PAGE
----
“When the South African health minister made controversial statements against antiretroviral drugs in Toronto, and the Bangkok conference in 2004, the TAC was extremely fast to react and get journalists together to educate them about why those statements were wrong. As a result, the public eventually received the correct information about the drugs.”
HIV/AIDS now a ‘human rights issue’…. But complex science involved
In Mexico City, Malan will be a member of a United Nations panel on AIDS, culture, human rights and the media. She says that the media has in recent years increasingly portrayed the disease as a human rights issue.
“AIDS is all about human rights. It’s about basic rights, like the right to access to medicine that can make you live longer, the right to access to land in the case of many cultures in Africa of widows that get disinherited when they refuse to be inherited by their brothers-in-law; it’s about the right to dignity and (to) have a life (where) people don’t discriminate against you. And that is important. Those stories need to be told in the media.”
She stresses that the human rights aspect of the pandemic is easier for journalists to reflect when the reporters have access to people who are experiencing certain struggles “first hand.”
“Activist groups and others at the conference, like they’ve done before, will have people there who are HIV-positive, and have direct experience in issues, so that these people can be quoted by media to bring the story alive for the public so that they are better able to relate to it, and be moved to action by it,” says Malan.
She acknowledges that there’s a “lot of science” involved in HIV/AIDS reporting, and that unless journalists have “scientific backgrounds,” there’s always a risk that incorrect information could be passed on to the public.
“AIDS is a complex issue. It’s not an issue that you get to understand everything about just from a conference,” Malan comments. “It’s very important that journalists get educated on (scientific) issues. They must have access to people who can explain this science to them, and then they must be assisted to tell those stories in a simple way that can be absorbed by the public. There’s a great need for more training of the media in this regard, especially in developing regions such as Africa.”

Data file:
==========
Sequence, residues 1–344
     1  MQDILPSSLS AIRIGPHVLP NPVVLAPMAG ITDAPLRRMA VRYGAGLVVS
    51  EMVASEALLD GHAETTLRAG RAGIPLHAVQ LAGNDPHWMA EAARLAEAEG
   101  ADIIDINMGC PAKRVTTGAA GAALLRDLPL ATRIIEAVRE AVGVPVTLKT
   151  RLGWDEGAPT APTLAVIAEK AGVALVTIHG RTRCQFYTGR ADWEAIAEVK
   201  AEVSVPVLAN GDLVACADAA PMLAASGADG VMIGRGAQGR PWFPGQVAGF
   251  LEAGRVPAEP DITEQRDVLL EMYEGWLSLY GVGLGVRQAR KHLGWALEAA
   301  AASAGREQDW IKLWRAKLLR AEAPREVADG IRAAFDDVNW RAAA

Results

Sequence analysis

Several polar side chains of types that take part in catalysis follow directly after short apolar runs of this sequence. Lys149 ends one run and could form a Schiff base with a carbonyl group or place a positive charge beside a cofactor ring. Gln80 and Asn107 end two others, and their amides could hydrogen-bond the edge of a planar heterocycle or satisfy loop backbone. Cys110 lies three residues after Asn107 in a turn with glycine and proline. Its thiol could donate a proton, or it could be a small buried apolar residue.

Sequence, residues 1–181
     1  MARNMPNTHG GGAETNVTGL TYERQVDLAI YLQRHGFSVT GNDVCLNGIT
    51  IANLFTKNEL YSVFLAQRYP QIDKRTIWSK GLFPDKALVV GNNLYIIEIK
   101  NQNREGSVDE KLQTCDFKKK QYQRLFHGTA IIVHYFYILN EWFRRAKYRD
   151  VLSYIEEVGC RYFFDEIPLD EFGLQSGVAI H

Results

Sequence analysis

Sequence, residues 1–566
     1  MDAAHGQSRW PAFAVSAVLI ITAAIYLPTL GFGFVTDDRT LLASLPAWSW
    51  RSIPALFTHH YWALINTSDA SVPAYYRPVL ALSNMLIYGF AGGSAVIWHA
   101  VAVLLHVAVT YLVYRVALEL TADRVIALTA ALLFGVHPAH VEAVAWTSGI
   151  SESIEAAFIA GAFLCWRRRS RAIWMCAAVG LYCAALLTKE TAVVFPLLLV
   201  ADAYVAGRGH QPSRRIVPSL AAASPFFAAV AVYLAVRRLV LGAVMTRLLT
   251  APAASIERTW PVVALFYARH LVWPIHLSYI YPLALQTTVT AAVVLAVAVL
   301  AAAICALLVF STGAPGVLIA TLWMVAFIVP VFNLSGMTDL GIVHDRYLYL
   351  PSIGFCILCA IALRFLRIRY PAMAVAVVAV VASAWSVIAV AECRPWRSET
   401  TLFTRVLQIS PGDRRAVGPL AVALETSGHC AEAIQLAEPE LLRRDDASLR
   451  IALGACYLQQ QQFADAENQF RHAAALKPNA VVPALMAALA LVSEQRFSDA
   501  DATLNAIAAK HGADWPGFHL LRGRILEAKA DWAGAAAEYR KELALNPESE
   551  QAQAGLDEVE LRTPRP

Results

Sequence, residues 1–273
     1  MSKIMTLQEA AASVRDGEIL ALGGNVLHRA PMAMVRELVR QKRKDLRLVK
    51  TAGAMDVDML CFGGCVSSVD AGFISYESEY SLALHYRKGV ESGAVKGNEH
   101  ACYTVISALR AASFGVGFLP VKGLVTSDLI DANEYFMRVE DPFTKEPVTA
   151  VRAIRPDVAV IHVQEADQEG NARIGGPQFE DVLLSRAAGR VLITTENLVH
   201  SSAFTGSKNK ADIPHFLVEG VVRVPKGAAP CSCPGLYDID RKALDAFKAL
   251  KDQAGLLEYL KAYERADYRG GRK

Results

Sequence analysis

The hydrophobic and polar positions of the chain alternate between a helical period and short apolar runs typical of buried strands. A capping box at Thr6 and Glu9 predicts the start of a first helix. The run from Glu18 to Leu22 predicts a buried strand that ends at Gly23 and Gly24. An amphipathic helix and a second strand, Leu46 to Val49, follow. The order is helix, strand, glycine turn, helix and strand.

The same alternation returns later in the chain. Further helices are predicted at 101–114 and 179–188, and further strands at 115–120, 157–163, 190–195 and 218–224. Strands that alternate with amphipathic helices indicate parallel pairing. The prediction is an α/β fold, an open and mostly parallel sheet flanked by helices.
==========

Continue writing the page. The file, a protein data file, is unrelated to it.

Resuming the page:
Journalists will have to be creative
Another challenge that reporters in Mexico City will face, says Malan, is that of “HIV/AIDS fatigue” on the part of many international news editors.
“Some people in the media are simply tired of hearing about the disease. More and more of them are not willing to publish or broadcast stories about HIV/AIDS, unless these stories are exceptional,” she maintains. “The challenge for journalists is to present stories in such a way that editors will use them, while still maintaining accuracy.”
Malan says there’ll be an “incredible amount” of competition between the thousands of journalists who’ll be attending what’s billed as the largest conference in the world.
“They will all want to get their stories out first, so the media area will not be a place for the fainthearted,” she smiles knowingly, adding that reporters from developing countries may well be at a disadvantage in this competition.
“Media outlets from countries like the United States often have entire teams of reporters covering this huge event, whereas organizations from places like Africa are extremely fortunate when they have just one journalist present. So it requires from you (as a reporter from a developing land) to have the skill to see the other stories, the other angles, that would make your stories special.”
But, regardless of their backgrounds, all journalists in Mexico City will be confronted with “information overload,” says Malan.
“Reams and reams of press releases will be thrown at them, hundreds of panel discussions, each invitation promising that it’s the best event on earth,” she laughs. “There are so many sessions happening at the same time, and you’re just one person and you can just be at one place at any given time, which means that you will necessarily miss other stories. That can be very nerve-wracking for an inexperienced reporter.”
Nevertheless, as a journalist and a trainer, Malan says she’s looking forward to the Mexico conference as an opportunity for the media to prove that it’s at the forefront of the struggle against the most devastating disease the world has yet witnessed.